Streaming has arguably become the most powerful way to reach new fans and generate revenue in the music business. Whether you’re a musician, a publisher or you represent a record label, you stand to benefit from streaming in a big way through services like Spotify, Apple Music, Tidal, YouTube Music, Amazon Music and more.
But when uploading your songs to a streaming platform, it’s important to keep in mind that the streaming industry has guidelines it uses to ensure a listener-friendly experience. As part of these guidelines, it’s vital that your tracks stay within acceptable levels for loudness so that listeners are able to enjoy a consistent listening experience. Failing to do this may result in your music receiving a “loudness penalty” that can negatively impact your work.
So is this something you should be worrying about? Let’s unpack it.
What is a loudness penalty?
How does loudness affect your music?
Aside from simply lowering the volume of a track, a penalty for being too loud can also affect the quality of your music and the listener’s enjoyment. This is because sonic compression is often used to automate the volume, and since streaming already tends to add compression to keep file sizes manageable, you’re now facing double the dynamic-squashing effects of heavy compression.
Also, because most loudness penalties are administered via automation, the changes made to your music often are not carried out by an audio professional. Instead, an algorithm does the work, and as a result, the possibility exists that loudness penalties can make your music sound worse, cheapen your image as a musical professional and even turn away potential fans who are hearing your tracks for the first time. As with anything, first impressions make a big impact, so you always want your audio to sound its best when presenting it on a large scale across the Internet.
4 Clever ways you can avoid loudness penalties
Thankfully, there are a number of ways you can keep your tracks within loudness guidelines to avoid penalties and sound the way they were intended. Below are some tips:
Use a Professional Mastering Service
In my experience, the absolute best way to avoid penalties for loudness is to have your tracks professionally mastered by an independent, third-party mastering engineer. A mastering engineer has the tools and knowledge to put the finishing touches on your music, and having your songs mastered by an experienced engineer will also keep levels consistent and within acceptable parameters set out by all the major streaming services. As opposed to mixing, which takes into account dynamics and balancing of individual tracks, mastering deals with each song as a whole to ensure cohesion and sonic integrity throughout.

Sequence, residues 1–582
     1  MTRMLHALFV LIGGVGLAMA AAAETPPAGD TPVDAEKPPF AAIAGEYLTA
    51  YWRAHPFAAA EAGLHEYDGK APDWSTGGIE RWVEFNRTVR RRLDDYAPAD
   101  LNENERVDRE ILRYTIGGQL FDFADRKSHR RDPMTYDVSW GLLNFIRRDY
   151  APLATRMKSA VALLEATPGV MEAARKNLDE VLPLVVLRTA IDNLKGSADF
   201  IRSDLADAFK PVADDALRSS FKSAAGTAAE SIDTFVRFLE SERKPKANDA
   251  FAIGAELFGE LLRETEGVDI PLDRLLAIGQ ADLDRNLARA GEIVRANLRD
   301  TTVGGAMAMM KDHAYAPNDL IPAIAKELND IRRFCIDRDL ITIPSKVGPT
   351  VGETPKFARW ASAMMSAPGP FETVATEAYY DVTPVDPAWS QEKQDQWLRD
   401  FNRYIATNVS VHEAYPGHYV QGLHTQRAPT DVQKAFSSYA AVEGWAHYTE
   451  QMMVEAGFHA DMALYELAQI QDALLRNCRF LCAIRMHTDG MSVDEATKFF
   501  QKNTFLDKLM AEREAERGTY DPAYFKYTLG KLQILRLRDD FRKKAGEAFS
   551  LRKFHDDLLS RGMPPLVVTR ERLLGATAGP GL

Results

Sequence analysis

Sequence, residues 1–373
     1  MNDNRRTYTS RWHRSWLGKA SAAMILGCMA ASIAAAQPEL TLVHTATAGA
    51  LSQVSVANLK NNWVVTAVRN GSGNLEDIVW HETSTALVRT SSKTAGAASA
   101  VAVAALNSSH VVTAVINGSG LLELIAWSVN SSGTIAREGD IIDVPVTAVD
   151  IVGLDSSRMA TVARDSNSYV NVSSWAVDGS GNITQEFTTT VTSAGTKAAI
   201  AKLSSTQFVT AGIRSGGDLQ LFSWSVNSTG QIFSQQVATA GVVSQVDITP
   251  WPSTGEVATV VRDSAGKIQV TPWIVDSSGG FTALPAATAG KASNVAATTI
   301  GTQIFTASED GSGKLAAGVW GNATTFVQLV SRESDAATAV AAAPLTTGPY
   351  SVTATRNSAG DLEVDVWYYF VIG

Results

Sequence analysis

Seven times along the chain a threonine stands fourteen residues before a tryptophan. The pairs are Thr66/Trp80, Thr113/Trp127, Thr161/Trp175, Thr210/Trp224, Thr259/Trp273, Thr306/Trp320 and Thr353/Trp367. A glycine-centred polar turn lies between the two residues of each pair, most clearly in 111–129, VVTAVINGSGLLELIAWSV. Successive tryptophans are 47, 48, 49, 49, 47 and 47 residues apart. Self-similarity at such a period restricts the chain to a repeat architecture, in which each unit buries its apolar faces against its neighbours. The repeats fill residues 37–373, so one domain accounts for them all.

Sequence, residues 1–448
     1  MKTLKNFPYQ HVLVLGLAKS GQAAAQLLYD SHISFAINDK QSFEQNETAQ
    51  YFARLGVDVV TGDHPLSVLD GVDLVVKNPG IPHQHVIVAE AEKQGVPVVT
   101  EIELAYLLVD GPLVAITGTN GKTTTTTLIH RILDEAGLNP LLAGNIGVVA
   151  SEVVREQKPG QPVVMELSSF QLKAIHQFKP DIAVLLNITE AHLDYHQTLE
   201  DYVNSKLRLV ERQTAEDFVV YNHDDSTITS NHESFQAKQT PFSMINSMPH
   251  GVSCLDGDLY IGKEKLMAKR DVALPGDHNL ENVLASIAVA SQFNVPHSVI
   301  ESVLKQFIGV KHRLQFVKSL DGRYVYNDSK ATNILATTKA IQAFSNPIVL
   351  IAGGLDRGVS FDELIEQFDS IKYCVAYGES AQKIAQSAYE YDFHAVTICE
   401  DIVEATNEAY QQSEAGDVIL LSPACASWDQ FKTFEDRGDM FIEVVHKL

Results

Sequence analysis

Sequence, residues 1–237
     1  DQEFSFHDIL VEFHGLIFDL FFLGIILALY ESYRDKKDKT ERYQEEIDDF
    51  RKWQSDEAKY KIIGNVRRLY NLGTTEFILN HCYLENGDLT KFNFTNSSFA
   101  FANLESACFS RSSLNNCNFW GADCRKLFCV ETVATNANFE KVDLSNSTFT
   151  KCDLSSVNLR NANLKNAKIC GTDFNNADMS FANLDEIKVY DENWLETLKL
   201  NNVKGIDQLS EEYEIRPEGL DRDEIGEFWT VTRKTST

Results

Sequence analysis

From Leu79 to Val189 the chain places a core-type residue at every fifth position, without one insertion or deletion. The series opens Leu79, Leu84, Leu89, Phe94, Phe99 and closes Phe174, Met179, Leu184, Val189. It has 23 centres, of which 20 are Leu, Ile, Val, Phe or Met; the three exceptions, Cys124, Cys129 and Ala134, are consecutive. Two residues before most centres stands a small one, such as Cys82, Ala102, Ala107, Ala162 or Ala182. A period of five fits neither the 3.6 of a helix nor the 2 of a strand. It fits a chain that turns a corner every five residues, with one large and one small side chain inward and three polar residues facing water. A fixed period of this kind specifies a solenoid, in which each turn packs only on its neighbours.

Watch Your Levels
If you attempt to master your own music, you absolutely must utilize meters, compressors and limiters responsibly. This means you also need to know the acceptable loudness limits of the streaming services you plan to use and monitor your mixes for peaks and peaking uniformity. This is a juggling act to be sure, but I usually prefer allowing music to sound its best instead of forcing changes according to numbers.
Proper Loudness Starts at the Source
If you haven’t begun the recording process yet, now is the time to start thinking about gain control. During the recording and production steps, you can help your tracks avoid penalties for loudness down the road by ensuring that all parts are recorded and gain staged as you piece the track together. Having properly recorded source material is one of the best ways to avoid complicated volume concerns later. If you keep your individual tracks within reasonable limits during recording, you’ll find that mixing tends to yield a better result and mastering doesn’t require as much manipulation.
Use the Internet to Your Advantage
Finally, there are plenty of free resources available online that can analyse your audio so that you can see exactly where you may need to make adjustments to your tracks to avoid a penalty. One site I recommend to my clients is loudnesspenalty.com as it allows you to drag and drop your own audio files into a virtual interface for quick, easy and free analysation.
You can also look online for free VST plug-ins that are designed specifically to measure levels against limits imposed by streaming services. In particular, I like YouLean Loudness Meter, but there are others available, many of which are included in popular DAW software that you might already use.